In any software purchase and implementation it is very important to obtain information to the kind of support they offer you as a customer. For example do they outsource the support and when you think your calling Toronto you end up in Calcutta or do they provide local support .What is included in the support many vendors offer varying levels of support beware of the vendor that suddenly adjust the price of the software to win the bid thinking they will make up the difference in the support portion

We do not require an executive briefing

In any project having senior management support and approval, it also is important to nominate a Project Sponsor .This role is to represent the project at the Senior Management level of the company

It’s all the same

Sometimes a vendor will try to assure you as a potential client that they have sold and installed their software in a company within the same industry and size of your organization. However as each company has its own processes and methodologies the vendor may overlook the unique way in which your business currently processes data and as a result end up costing you the client time and money for something which was overlooked.

It’s Seamless Integration


In ERP deployment sometimes a vendor will try to position their solution by touting how well their product can integrate with your firms legacy applications. In so doing they will have reduced the price of modules a potential client may have to purchase. Some products can integrate with certain legacy applications however in some cases it becomes a time consuming and thus expensive in the long term solution. To counter this have the vendor demonstrate how the application will integrate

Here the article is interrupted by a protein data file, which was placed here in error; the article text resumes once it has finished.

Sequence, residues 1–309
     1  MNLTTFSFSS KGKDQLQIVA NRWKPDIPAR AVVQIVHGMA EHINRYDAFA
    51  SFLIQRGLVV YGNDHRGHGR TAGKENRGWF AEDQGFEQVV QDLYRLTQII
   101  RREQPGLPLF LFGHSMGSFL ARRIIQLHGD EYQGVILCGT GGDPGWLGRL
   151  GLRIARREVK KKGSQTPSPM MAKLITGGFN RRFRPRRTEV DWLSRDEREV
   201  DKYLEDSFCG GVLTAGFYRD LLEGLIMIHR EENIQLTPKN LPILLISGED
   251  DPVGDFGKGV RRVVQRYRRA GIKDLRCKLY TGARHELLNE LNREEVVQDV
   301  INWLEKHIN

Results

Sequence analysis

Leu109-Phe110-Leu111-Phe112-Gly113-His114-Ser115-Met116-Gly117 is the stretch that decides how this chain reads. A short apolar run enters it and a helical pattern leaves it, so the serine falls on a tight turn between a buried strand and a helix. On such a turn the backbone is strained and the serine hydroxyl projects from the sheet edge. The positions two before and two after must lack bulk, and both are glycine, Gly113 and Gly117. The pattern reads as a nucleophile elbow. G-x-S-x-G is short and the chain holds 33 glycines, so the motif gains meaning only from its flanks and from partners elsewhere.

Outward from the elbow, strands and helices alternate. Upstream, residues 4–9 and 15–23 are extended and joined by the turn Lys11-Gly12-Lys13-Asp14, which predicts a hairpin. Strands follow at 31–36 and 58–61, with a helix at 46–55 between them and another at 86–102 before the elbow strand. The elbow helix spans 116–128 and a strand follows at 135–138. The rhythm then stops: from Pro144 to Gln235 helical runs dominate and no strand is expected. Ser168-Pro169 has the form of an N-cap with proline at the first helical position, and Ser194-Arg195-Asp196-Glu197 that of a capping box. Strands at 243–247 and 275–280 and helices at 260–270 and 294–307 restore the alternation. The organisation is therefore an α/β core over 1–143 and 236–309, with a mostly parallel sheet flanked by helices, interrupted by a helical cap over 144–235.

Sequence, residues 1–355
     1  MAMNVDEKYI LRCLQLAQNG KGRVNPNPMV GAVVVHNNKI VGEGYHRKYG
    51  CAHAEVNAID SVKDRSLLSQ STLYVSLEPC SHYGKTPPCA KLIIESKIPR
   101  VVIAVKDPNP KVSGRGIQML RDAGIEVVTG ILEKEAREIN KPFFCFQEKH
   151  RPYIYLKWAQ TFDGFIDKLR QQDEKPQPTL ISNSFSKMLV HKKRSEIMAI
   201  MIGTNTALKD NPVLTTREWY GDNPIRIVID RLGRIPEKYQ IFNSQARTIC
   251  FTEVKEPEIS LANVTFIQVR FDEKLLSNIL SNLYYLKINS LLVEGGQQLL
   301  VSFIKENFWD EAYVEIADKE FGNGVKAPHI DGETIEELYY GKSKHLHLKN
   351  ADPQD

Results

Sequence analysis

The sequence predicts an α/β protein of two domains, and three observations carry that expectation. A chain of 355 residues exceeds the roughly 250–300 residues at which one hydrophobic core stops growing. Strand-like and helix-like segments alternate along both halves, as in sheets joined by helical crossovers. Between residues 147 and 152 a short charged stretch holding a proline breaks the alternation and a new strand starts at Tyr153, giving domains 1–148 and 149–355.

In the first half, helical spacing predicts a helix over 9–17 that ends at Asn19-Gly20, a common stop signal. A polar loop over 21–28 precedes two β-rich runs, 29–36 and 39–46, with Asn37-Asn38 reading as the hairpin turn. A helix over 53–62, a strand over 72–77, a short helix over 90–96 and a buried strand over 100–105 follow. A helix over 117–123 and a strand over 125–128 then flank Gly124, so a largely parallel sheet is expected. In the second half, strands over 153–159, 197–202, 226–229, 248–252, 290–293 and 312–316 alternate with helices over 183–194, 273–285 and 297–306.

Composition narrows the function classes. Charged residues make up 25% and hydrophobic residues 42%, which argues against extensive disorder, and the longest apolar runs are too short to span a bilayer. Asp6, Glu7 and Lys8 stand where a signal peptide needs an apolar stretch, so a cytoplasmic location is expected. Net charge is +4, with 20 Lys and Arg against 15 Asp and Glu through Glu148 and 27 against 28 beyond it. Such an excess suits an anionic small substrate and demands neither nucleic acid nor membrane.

Training

Traditionally a vendor will try to cut corners in order to not cut into their profit margin .The emphasis will be to try to sell you additional training time apart from what is offered as part of the standard contract. As a rule one should as much as possible budget 20% the total cost of the project towards training. The idea being that in-house resources can train other employees the application once they have received the training from the software.

In general be aware of these and other potential red flags and by doing so you can save yourself and your company both time and money by being vigilant to potential pitfalls.